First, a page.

Symantec sucks less

by Michael Alderete on 12/22/2003

After my last post about Symantec’s crazy rejection of my rebate form, I spent an hour tracking down the rebate within their processing system, in the end reaching a human being who said he would validate the rebate, and I should look for it in a couple weeks. That check has now arrived, so I have to say that Symantec in the end made good.

But they didn’t make it easy. It took an hour because of a Byzantine rebate web site that in the end couldn’t help me, and a terrible phone system that never offered me the opportunity to speak to a real person. It was only by visiting every menu and sub-menu, and repeatedly pressing “0” for the operator, that I actually reached a happy conclusion.

Which just goes to highlight the fake nature of these “rebates” that are offered by virtually all of the consumer software companies. They offer you $30, but they know the numbers. A certain percent won’t send in the card, a certain percent won’t fill it out correctly or in time, and a certain percent won’t fight a rejection, even if it’s bogus. I would imagine that a $30 rebate translates to about a $5-10 discount off the actual per-unit revenue to the company.

So don’t be fooled by those rebates! Or at the very least, be religious about filling out the forms and sending in the paperwork, the same day you make your purchase. That’s the only way the rebates work out for you in the long run.

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Symantec sucks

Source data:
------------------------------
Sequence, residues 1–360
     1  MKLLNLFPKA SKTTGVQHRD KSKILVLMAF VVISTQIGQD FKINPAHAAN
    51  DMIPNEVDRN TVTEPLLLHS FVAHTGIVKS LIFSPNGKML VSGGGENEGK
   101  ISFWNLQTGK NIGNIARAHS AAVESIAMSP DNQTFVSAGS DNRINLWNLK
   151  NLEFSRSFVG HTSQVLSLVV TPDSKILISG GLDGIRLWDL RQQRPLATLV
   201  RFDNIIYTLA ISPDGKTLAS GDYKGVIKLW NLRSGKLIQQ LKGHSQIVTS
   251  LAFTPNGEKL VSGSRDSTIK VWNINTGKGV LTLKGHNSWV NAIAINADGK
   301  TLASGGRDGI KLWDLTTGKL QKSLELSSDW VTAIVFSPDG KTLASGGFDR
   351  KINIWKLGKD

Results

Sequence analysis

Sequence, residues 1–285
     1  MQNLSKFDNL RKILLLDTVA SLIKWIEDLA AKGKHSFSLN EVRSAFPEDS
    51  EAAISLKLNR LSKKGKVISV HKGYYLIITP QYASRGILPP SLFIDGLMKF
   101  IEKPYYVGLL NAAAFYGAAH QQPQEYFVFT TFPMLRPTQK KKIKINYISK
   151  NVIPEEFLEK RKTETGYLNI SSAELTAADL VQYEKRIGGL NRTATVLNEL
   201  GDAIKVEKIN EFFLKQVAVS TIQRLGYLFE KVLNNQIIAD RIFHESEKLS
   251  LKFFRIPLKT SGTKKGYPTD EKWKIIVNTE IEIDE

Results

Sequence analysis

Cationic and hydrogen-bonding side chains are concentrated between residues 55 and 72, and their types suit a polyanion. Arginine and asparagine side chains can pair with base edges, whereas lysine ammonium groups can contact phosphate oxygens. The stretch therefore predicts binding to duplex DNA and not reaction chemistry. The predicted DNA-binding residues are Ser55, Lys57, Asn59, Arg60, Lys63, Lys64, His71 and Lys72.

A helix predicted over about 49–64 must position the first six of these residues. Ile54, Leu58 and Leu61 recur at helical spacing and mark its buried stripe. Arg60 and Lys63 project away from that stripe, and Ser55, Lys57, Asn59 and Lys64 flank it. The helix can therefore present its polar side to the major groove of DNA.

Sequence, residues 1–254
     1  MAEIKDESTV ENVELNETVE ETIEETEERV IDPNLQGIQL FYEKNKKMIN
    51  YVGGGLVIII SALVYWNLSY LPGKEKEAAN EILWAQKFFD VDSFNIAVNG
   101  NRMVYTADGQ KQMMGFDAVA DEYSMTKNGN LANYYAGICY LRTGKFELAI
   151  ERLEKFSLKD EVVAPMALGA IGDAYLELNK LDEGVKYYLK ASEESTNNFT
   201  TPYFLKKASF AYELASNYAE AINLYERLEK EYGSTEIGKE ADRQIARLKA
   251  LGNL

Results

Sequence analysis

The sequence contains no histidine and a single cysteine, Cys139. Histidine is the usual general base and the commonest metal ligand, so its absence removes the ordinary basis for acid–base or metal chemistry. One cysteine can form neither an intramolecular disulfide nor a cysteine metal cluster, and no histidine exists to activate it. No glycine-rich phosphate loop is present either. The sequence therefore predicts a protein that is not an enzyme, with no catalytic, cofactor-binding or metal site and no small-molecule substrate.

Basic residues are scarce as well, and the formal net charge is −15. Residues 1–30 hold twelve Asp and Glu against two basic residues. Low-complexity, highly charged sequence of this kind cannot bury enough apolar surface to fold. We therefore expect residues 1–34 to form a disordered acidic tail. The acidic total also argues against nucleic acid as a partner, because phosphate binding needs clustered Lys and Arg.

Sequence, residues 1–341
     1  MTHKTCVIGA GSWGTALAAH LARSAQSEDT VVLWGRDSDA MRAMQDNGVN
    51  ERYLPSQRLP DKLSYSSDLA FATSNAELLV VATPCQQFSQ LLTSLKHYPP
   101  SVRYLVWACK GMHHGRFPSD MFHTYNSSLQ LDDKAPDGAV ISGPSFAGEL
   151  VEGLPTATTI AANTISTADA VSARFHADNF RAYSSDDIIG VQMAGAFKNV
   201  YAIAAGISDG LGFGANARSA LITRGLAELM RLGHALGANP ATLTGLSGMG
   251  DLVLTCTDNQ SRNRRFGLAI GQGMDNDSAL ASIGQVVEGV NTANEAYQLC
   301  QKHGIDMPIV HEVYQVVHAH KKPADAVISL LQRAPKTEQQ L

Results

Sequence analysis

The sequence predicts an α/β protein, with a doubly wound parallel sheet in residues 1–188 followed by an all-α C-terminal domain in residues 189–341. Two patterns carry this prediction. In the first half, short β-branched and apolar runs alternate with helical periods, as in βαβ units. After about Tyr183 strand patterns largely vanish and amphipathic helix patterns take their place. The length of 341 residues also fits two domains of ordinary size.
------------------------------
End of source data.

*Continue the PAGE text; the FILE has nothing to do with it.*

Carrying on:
by Michael Alderete on 12/8/2003 · 1 comment

I just got a card in the mail, from Symantec’s rebate center. I am due a $30 rebate on updated anti-virus and personal firewall software we just bought for Rochelle’s computer, and their rebate center rejected the rebate claim. The supposed reasons are:

  • Invalid Postmark Date
  • Missing Purchase Date

The first reason is completely bogus, because (a) it’s not my fault, it’s the USPS; and (b) they don’t need a postmark; the rebate claim was submitted well within the required period, and even the rejection card itself got here within the mandated period. Postmarks are only necessary if an item is received past an expiration date, which isn’t the case.

The second claim is, in a way, even worse. The claim submission included a copy of my Costco receipt. I know Costco receipts, and they always have the date. Just because some minimum wage processing drone in Florida can’t find it in the 60 seconds they’re allowed to spend handling each claim doesn’t mean the purchase date isn’t there.

This is yet another example of the false savings that “rebates” represent. I can’t tell you the number of rebates we have failed to get, due to denied claims, or just laziness in submitting. One of these days I may actually wake up and realize that rebates are not savings, they are a bet, and sometimes you win, sometimes you lose.

I should note that this rebate is offered — and processed — by Symantec themselves. I’ve always had good luck with the rebates that get processed by Costco (which are the ones where they print the rebate form directly onto your receipt, extremely convenient).

What’s really ironic is that I dithered in the store, with both the McAfee and Symantec packages in my hands. About the same price, equivalent features. I eventually went with the brand I’ve purchased in the past. But if Symantec doesn’t come across with my $30, they’re going to lose a customer forever.

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